Use this Data to Hold Your Local Jail Accountable During the Pandemic

Local Jail Accountability Hero

Jails are places where people, even during ordinary times, are at greater risk of death. It’s clear that the best way to keep people safe is to let them return home. Although there have been some efforts to decarcerate, they have been too small.

Now, using a new tool from Vera, you can hold policymakers accountable by monitoring jail populations across the country. The tool presents the most recent jail population data available, as well as the jail population before the crisis. You can see who is taking the steps necessary to downsize jails during this crisis and identify places acting less quickly, where we should concentrate efforts to decarcerate.

It is important to note that reductions in the number of people in jail are not necessarily the result of changes enacted in response to the crisis. Fewer people may be entering jail because mandated social distancing has reduced court operations, law enforcement presence, and social activity. As the crisis worsens, decreases in jail populations can also be the result of people being transferred to medical facilities or dying from the novel coronavirus.

Our new tool reveals that, in the more than 300 places we are tracking, jail populations have fallen about 20 percent during the past few weeks. This is not sufficient to keep people safe. Although this may seem like a steep decline, it is critical to underscore that the United States is a global anomaly in its use of mass incarceration and locks up people at a rate more than six times the rest of the world. About two-thirds of the people in U.S. jails are held before trial, legally innocent. It is crucial that jails immediately decarcerate to avoid catastrophe.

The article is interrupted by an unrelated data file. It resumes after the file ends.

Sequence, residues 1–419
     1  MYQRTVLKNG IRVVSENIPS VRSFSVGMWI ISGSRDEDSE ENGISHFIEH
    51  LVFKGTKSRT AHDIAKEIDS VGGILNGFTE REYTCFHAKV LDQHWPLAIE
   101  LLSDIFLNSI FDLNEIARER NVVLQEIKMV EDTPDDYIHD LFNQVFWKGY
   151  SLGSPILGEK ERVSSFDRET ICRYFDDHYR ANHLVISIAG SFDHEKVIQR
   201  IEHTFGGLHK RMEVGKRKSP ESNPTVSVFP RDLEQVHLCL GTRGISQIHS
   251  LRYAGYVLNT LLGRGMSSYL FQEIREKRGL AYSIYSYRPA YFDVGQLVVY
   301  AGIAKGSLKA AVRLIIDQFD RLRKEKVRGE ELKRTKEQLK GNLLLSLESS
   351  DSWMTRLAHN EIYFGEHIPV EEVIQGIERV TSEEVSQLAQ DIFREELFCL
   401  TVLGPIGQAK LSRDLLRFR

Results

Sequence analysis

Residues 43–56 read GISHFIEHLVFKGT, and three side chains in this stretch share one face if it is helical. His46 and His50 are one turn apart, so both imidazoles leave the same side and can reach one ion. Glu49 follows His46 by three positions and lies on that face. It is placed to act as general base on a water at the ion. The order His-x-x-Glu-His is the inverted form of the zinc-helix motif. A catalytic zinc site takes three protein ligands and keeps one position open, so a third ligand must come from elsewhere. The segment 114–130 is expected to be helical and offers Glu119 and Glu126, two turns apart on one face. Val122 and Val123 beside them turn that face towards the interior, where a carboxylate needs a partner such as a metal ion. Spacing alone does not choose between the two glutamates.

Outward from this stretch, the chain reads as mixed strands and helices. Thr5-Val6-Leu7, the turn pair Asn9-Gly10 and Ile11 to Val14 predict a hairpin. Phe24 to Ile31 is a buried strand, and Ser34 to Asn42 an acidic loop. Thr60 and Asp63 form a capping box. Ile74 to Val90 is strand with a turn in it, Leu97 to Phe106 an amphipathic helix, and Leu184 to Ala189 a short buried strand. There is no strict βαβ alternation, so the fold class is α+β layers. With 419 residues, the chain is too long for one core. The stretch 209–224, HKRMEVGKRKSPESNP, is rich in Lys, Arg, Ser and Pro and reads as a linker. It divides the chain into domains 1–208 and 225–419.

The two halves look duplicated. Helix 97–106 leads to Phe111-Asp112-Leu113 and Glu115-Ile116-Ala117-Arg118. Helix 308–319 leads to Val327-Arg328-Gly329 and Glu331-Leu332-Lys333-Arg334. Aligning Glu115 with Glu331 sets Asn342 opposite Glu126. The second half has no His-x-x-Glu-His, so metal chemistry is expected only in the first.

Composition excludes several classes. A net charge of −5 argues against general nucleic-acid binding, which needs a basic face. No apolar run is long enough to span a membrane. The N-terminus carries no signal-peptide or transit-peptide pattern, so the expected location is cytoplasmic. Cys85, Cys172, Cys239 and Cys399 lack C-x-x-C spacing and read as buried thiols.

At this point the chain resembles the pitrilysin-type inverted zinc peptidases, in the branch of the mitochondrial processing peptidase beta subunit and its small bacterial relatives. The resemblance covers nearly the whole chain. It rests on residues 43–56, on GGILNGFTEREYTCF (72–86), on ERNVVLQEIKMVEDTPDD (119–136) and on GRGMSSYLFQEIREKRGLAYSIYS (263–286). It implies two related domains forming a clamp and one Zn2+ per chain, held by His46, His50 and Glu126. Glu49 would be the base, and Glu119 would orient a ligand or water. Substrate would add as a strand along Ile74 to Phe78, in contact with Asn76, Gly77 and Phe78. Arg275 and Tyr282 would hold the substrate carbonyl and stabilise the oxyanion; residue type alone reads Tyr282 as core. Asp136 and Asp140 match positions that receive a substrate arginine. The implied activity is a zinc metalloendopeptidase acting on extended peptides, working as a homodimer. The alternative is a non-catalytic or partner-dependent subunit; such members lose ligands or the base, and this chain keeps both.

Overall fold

Related

Series: Covid-19

Albany, Georgia Reduces Jail Population by 27 Percent in Response to Coronavirus

As the coronavirus pandemic spreads across the country, high incarceration rates in small cities and rural counties—often overlooked in discussions of mass incarceration—threaten to compound a mounting crisis. Decades of investment in carceral infrastructure, and disinvestment in public health, have brought us to a moment in which rural U.S. landsc ...

Blog Post
  • Jack Norton
    Jack Norton
April 07, 2020
Blog Post

Series: Covid-19

In a Precarious Economy, Governments and Courts Must Take Immediate Action to Reduce Criminal Justice Fines and Fees

Fines and fees exist at every stage of the criminal justice process, from arrest and booking to conviction and sentencing. People can be ticketed for even minor infractions, charged to enter a jail, and then charged additional fees for each day they remain there. Even those serving non-jail sentences like probation or community service can be charg ...

Blog Post
  • Maria Rafael
    Maria Rafael
April 02, 2020
Blog Post

Series: Target 2020

Responding to COVID-19: Focusing on People in the Criminal Justice and Immigration Systems

People who are incarcerated at the following facilities have already tested positive: the Rikers Island jail complex and the Metropolitan Detention Center in New York City; the Nassau County Correctional Center in East Meadow, New York; the Larimer County Community Corrections program in Fort Collins, Colorado; the Massachusetts Treatment Center in ...

Blog Post
  • Logan Schmidt
    Logan Schmidt
March 23, 2020
Blog Post